The once in a lifetime Leonardo
Was there perhaps a blue moon last night? Somehow I found myself with just three other people alone in the incredible Leonardo da Vinci block-buster exhibition at London’s National Gallery.
No crowds, just complete, peaceful, access to some of the most remarkable paintings and drawings in the world.
I was a Trustee there once and this was a one off chance to go in’‘after hours’ . It was late and most other former Trustees, if they had been, had gone.
Left to a visual conversation with this genius, this man who understood anatomy, science, and beauty, and could represent all three so effortlessly, we found ourselves consumed by his attention to detail, and his vast capacity to represent it with the brush and the pencil.
The braid on the collar of a dress or a jacket; single strands of hair; colour; light; shade; the fall of fabric on the human form; it is ,with just sixteen great paintings and perhaps fifty drawings, the most comprehensive insight into Leonardo’s work that we are ever likely to see in one place in our lifetime.
There are only six places in the world that can boast a Leonardo painting. Krakow in Poland is one of them. This painting, Lady with an Ermine, is probably the best preserved of those hanging today in London. It is an absolute show stopper. Last night I found myself wandering back to it time and time again.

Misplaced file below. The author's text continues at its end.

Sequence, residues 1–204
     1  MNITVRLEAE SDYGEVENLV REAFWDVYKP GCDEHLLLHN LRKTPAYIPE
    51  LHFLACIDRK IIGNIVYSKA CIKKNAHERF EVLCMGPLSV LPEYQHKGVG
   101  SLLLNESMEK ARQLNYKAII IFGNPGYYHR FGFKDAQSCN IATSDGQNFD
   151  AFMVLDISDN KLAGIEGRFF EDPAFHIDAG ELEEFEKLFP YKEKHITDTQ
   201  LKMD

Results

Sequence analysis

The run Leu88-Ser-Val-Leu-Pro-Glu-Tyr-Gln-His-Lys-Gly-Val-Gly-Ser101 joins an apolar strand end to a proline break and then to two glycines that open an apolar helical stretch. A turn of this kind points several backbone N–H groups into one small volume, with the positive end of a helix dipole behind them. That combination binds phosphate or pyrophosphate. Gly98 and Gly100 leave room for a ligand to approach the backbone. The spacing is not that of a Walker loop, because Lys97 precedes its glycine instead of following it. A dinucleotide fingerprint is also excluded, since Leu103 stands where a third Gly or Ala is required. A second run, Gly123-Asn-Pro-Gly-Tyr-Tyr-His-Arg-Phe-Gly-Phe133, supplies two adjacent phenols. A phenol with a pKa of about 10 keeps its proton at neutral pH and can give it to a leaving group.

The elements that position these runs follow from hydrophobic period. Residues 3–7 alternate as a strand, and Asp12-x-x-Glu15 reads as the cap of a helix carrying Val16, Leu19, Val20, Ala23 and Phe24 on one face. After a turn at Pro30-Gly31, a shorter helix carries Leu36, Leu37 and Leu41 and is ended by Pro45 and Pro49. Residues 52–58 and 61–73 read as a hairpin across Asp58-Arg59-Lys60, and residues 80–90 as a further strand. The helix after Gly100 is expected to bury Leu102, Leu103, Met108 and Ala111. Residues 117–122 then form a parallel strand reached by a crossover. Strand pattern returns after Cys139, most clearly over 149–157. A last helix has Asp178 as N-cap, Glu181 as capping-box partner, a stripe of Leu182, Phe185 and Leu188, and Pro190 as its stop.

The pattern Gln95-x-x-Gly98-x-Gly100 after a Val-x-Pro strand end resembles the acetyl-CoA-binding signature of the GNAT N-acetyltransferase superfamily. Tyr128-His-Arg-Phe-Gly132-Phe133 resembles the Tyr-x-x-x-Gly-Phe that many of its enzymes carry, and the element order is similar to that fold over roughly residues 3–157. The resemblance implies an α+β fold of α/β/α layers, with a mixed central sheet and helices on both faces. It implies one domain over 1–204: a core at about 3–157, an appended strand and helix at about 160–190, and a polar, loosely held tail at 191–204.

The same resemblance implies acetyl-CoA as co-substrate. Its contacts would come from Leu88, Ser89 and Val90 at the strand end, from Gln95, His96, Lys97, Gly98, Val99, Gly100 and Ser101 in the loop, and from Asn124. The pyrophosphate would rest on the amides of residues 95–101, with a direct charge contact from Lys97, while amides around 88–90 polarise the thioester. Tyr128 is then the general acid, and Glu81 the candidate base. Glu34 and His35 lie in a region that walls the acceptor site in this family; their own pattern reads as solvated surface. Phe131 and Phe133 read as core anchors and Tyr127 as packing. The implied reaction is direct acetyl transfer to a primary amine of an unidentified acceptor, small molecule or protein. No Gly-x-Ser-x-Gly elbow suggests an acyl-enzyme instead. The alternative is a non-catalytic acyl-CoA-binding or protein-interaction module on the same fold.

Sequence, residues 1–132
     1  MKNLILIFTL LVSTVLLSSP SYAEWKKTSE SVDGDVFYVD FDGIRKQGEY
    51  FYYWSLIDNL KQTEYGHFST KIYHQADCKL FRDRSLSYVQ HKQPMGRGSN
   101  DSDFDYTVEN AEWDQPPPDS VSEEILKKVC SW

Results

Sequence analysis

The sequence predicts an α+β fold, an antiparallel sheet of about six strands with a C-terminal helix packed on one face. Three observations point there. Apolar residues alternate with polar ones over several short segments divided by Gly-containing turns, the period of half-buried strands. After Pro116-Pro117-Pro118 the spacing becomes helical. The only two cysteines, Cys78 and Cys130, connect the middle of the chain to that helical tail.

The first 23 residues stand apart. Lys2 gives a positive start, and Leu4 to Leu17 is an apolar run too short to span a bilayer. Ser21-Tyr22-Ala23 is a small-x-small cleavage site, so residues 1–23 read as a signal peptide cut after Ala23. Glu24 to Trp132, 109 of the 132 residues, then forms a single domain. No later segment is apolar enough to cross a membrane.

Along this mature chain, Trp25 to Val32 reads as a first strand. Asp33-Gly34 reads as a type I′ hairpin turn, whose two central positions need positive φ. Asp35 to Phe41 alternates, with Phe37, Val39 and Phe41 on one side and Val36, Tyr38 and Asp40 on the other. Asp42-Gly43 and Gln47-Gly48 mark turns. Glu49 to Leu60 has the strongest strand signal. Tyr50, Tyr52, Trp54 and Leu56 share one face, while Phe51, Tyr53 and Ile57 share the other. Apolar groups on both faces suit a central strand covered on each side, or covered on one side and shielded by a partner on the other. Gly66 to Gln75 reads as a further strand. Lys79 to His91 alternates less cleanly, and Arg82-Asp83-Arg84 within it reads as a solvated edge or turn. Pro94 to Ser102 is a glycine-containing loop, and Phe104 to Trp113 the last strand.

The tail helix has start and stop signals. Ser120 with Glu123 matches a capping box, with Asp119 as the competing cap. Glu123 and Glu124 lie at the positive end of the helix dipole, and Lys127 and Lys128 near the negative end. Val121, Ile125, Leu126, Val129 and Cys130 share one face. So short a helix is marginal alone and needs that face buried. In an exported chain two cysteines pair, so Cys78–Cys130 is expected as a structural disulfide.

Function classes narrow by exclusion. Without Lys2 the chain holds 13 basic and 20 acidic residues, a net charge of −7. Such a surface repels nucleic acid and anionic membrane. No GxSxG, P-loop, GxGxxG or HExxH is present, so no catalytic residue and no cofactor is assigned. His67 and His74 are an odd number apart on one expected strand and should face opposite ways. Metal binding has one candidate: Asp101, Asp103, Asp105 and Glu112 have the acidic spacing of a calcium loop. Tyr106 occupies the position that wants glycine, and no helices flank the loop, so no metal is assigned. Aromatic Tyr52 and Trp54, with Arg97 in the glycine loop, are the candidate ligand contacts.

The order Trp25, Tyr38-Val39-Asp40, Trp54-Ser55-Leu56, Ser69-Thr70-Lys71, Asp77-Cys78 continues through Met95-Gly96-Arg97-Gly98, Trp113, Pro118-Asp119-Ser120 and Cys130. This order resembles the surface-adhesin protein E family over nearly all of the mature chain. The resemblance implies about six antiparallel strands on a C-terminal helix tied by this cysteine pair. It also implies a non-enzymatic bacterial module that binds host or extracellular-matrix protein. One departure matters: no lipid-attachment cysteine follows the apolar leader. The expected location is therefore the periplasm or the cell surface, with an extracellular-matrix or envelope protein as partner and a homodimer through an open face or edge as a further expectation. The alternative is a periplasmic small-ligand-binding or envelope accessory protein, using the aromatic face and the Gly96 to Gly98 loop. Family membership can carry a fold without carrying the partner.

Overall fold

But I also found myself peering at the tiny pencil strokes and shadings of the drawings. One thing I always look for, is where the artwork actually lives.
No fewer than twenty of these incredibly rare pieces have been lent by the Queen. They are normally housed in the Royal Collection at Windsor and are not on public display. Under certain circumstances you can make an application to see them.
There has long been confusion about what belongs to ‘we the people’ and what belongs personally to the monarch.
When are such items a gift to the Monarch as a representative of the British people, and when are they made to the actual individual who happens to be the monarch?
The National Gallery owns a large tract of real estate behind the building in Trafalgar Square that awaits development as additional galleries. The largely inaccessible ‘Royal Collection’ is regarded by a number of experts as ripe for a ‘rearrangement’ to provide ‘we the people’ the opportunity to see such sumptuous pieces as these twenty drawings by Leonardo held by the Queen, any time we want.
I have even heard it suggested that if Prince Charles ever becomes King, his coronation act might be to bring about just such a move.
In the meantime, come February, when the exhibition comes to an end, these priceless objects will return to the closed privacy of Windsor Castle to reside largely unseen by the vast majority of people who live in, or visit, this country.